Russia in Dismay and Despair as Democrats Take the House in Midterm Elections
Across state-run media, Russians started bracing themselves for ‘sanctions from hell’ and feared the friend they thought they had in Trump was now ‘hanging by a hair.’
Russian state media isn’t taking Wednesday’s news from America too well.
On state TV, reports of U.S. Democrats taking control of the House of Representatives were described as a “very negative” outcome for the Kremlin, predicting “political chaos” in Washington and new sanctions on Russians now a certainty.
Across state-run media, experts pointed out that the new majority party’s control of Congress heightens the likelihood of new penalties being imposed. State-TV host Yuri Bogdanov emphasized that sanctions were hinging solely on the results of the midterms because “Trump himself does not want to impose them.”
Indeed, Russians were bracing themselves for the promised “sanctions from hell.” State-media host Vladimir Soloviev summarized that by looking at President Donald Trump’s new economic penalties on Iran, Russians should now anticipate similar measures by the United States. He also noted that the narrow margins among many poll results demonstrate Americans’ widespread disappointment with Trump.
State-media analysts also predicted that special counsel Robert Mueller will soon follow through with charges against Trump, members of his immediate family, or others within his administration.
“Expect a storm,” warned Victor Olevich, a leading expert at the Center for Actual Politics, in an appearance on Russian state television.
As Wednesday went on, the dismay in Russia was palpable, with state media reporting that—in light of the midterm results—recent meetings of Kremlin officials with National Security Adviser John Bolton were pointless and there is no longer any need for Vladimir Putin to meet with Trump in Paris during First World War commemoration ceremonies this week. TV host Soloviev remarked: “There’s nothing left to talk about,” as “the sanctions will never be canceled.”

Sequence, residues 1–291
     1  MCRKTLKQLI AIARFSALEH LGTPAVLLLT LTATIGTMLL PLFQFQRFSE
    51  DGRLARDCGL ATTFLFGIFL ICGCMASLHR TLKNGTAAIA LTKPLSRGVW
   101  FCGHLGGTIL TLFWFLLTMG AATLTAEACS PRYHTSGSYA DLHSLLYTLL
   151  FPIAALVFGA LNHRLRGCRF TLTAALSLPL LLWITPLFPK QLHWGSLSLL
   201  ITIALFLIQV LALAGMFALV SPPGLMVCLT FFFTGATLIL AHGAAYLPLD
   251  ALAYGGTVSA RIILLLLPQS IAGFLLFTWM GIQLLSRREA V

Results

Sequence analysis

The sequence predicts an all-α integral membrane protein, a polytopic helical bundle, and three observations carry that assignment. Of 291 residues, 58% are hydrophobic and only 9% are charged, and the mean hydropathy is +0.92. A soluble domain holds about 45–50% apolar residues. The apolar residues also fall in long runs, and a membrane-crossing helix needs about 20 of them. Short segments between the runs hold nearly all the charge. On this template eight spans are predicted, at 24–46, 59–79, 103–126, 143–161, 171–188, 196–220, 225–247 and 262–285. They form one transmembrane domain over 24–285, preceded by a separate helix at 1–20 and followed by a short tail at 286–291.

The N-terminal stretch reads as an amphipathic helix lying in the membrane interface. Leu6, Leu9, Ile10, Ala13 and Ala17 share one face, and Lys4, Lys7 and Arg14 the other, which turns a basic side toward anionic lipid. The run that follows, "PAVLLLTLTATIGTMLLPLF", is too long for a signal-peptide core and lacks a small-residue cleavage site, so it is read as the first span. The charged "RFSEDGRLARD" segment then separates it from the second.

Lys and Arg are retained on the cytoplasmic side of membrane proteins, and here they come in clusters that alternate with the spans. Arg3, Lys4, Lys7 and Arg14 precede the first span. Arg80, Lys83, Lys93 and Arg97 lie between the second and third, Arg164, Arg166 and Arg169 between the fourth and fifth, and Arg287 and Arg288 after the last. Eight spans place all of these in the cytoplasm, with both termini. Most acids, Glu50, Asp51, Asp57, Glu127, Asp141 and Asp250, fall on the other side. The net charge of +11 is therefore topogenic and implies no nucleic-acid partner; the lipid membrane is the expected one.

The outcome didn’t come as a surprise. As the midterms drew near, the Kremlin’s apparent concern over potential Democratic victories spilled over into Russian media. With nail-biting intensity, pundits, politicians, and experts noted that Trump “is hanging by a hair” and the new majority will be inclined to cut the dangling thread by initiating the process of his impeachment. State-media outlet Rossiya-24 declared the midterms to be “no less fateful than the presidential election,” pointing out that the shakeup of the House of Representatives constitutes “a huge blow for Trump.”
Several Russian outlets aired live coverage of the voting, and pondered out loud whether Trump might soon be impeached. State-run TV reporters were dispatched across America, from McAllen, Texas, to Maryland and Washington, D.C., to cover what they described as a “historical moment.” Two Russian MPs traveled to the U.S. as election monitors as part of the OSCE Parliamentary Assembly mission. State-TV correspondent Alexander Khristenko opined that the midterm results will determine the course America will take for years to come: “a choice between isolationism or globalism, defending the rights of minorities or protecting the white majority.” Back in Russia, state media repeatedly emphasized that the final outcome might cost Trump the White House.